The creature itself is of the man in a suit variety, our favorite around these parts, and it has an engaging design that January makes smart use of, first in the shadows and ultimately in our faces. While there’s nothing explicitly stated in “The Last Tsuburaya” there appears to be a small Easter Egg for fans of the genre. More specifically, for fans of so-called tokusatsu films, a Japanese sub-genre of sorts with action/dramas heavy on special effects and dudes in monster suits. Ishirō Tsuburaya is quite likely a nod to two genre legends, Ishirō Honda and Eiji Tsuburaya, the director and effects director (respectively) of 1954’s Godzilla. It bears no effect on the segment itself, but it allows the filmmakers to show respect towards some real-life Japanese artists.
“Okay I’ll Bite”
Director: John Harrison
Writer: John Harrison
Elmer (Nick Massouh) is in jail for helping with what amounts to an assisted suicide, and his latest stab at parole is denied after a corrupt guard makes a false accusation. The guard in question is using Elmer’s science skills to cook opium, and he has no plans on losing his free labor. He and the other prisoners berate and abuse him, but Elmer finds solace in his collection of spiders. It doesn’t last, though, and when threatened by both thugs and changes from above, Elmer takes things into his own hands — well, his own fangs and hairy legs, anyway.
There’s quite a bit of vaguely related setup here as we see Elmer’s predicament and watch him bury himself in spider lore and mythology while showering his little beasties with love and affection. A bigger creature is teased behind the walls, teased without explanation, and things turn fairly abruptly after one last confrontation with prisoners in cahoots with the corrupt guard. The ending is simultaneously built up and somewhat out of left field, but while it delivers the expected comeuppance for a jerky character it can’t find the necessary weight to go along with it. We expect it, it happens, the end.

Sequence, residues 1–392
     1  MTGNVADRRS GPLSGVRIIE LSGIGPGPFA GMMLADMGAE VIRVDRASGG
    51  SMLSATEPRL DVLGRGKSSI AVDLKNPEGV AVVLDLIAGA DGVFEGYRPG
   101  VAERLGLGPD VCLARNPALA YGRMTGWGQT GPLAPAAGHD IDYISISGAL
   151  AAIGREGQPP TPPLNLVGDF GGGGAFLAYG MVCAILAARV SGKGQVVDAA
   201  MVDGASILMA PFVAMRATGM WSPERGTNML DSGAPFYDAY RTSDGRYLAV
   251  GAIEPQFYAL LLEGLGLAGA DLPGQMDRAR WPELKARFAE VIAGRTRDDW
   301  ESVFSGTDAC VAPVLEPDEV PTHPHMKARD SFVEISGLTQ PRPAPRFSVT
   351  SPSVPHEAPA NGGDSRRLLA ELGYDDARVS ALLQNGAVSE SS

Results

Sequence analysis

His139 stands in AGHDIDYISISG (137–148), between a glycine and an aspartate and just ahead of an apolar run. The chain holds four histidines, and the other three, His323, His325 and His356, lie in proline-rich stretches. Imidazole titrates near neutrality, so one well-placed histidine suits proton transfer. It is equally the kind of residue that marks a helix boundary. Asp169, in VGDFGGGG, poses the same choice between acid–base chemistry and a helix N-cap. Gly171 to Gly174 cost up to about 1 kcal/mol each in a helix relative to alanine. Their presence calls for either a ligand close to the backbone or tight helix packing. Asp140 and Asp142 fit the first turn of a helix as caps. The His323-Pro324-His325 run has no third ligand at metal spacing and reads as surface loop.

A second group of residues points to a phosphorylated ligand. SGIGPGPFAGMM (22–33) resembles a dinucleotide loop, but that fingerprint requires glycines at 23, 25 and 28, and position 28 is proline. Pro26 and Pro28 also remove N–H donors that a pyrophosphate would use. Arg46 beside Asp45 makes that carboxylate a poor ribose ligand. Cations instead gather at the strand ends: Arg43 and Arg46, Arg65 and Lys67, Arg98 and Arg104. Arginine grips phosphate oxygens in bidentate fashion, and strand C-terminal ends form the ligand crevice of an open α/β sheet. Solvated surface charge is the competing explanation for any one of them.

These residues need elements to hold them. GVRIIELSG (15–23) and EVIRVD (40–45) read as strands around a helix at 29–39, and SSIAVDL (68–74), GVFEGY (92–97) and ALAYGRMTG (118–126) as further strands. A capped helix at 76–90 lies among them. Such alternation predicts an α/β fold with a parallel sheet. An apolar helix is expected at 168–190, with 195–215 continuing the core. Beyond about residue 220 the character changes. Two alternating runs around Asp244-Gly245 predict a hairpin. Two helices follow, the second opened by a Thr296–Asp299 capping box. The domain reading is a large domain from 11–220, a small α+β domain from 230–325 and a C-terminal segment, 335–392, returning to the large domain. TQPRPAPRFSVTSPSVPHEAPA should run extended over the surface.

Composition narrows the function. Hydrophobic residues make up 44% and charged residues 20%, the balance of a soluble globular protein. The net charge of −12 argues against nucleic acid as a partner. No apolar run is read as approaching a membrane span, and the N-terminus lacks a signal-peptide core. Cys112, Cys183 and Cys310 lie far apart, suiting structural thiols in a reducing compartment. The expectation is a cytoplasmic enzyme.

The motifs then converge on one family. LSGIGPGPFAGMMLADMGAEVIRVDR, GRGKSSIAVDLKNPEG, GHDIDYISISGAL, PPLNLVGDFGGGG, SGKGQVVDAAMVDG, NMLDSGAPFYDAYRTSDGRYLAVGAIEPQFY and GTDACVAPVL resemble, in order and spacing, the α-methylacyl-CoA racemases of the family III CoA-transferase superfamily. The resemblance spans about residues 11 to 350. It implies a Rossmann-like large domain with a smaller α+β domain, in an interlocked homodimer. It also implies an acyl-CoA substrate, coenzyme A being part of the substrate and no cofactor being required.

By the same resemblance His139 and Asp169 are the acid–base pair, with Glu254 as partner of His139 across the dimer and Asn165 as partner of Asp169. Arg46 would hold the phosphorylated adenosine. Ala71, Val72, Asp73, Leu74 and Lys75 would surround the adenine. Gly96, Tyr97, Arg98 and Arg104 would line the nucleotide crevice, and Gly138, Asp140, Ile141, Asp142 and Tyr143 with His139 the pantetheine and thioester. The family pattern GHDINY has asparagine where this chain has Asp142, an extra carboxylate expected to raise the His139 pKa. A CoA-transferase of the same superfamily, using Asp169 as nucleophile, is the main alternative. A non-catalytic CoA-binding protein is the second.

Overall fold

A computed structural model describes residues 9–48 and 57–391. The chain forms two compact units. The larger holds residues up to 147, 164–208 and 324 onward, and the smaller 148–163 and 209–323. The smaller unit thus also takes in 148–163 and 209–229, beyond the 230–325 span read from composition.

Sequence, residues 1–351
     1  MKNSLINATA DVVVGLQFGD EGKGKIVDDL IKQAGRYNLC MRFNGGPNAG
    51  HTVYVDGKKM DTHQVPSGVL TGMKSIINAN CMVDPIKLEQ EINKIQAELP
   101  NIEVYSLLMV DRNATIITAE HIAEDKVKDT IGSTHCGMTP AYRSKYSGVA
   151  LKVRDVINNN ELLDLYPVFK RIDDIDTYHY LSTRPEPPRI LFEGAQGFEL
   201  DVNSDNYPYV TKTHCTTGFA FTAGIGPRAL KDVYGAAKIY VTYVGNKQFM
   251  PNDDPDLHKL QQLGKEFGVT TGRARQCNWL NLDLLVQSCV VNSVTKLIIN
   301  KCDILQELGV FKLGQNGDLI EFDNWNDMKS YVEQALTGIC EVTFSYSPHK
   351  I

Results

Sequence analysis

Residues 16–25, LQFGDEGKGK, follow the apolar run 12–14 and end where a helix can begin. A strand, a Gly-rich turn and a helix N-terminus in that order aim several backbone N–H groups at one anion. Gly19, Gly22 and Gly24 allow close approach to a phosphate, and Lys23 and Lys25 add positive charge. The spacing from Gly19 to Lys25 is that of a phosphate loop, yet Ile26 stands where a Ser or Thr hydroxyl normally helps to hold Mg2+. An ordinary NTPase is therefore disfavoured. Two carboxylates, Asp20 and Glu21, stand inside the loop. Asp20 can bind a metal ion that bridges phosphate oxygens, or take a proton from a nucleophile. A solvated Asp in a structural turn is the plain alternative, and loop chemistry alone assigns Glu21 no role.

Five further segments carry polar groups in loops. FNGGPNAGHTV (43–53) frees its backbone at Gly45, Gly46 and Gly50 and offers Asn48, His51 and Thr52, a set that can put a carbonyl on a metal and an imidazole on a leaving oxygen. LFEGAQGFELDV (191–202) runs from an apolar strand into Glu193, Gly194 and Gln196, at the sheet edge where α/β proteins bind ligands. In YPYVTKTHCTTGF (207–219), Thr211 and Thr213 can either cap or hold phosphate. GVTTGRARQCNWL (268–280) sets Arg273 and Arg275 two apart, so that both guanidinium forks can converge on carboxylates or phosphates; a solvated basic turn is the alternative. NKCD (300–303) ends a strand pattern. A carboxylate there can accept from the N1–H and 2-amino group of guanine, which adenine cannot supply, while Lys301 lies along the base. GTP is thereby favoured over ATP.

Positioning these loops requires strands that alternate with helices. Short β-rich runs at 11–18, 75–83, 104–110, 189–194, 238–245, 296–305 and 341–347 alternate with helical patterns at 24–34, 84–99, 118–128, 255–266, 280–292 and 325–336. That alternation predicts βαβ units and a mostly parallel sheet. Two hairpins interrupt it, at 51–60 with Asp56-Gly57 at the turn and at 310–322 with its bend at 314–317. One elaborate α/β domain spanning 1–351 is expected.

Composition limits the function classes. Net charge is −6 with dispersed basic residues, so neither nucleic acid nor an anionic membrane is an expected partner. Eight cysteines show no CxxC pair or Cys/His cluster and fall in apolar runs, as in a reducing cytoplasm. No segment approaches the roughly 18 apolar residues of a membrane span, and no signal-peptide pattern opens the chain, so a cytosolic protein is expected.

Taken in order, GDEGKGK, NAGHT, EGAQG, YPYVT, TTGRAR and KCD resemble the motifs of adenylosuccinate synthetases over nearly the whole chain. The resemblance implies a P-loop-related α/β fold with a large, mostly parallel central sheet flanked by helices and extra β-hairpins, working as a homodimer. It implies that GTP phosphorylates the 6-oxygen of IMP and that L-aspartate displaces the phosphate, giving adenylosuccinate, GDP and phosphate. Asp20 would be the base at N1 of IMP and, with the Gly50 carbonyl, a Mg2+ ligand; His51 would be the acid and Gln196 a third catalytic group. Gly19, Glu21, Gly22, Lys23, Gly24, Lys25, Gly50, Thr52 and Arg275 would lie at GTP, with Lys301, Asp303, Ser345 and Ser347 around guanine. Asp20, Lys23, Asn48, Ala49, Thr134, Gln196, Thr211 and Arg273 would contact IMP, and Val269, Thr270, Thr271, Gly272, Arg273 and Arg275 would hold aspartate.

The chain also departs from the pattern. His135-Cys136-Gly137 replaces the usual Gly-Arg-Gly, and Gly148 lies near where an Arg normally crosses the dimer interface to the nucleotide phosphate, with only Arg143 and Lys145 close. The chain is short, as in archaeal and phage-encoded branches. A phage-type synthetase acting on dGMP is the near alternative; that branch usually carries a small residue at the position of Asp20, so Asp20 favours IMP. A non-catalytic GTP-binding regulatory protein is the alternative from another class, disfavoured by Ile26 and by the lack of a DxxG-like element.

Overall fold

It’s fine, if underwhelming on the performance front, but it does squeeze it a couple visual highlights in its final moments related to the spider that eventually steals the show. The effects, as is usually the case with the series, are a mix of the practical and computer generated, but Harrison amplifies their effectiveness by having them emerge from the shadows to reveal all their glory. They’re nifty, but you’d be hard-pressed to identify much else in the way of memorable elements here. While “The Last Tsuburaya” layers its wonder and strong-ish narrative beats throughout, this second story meanders somewhat until things come to a hairy head.
While neither Creepshow segment this week is a home run, neither is an outright loser either — meaning thanks to “The Last Tsuburaya” it’s the best of season three so far. We’re halfway through the season now, but we’re hoping the back half will deliver at least one great segment, one memorable tale, one reason to cheer when season four is inevitably confirmed…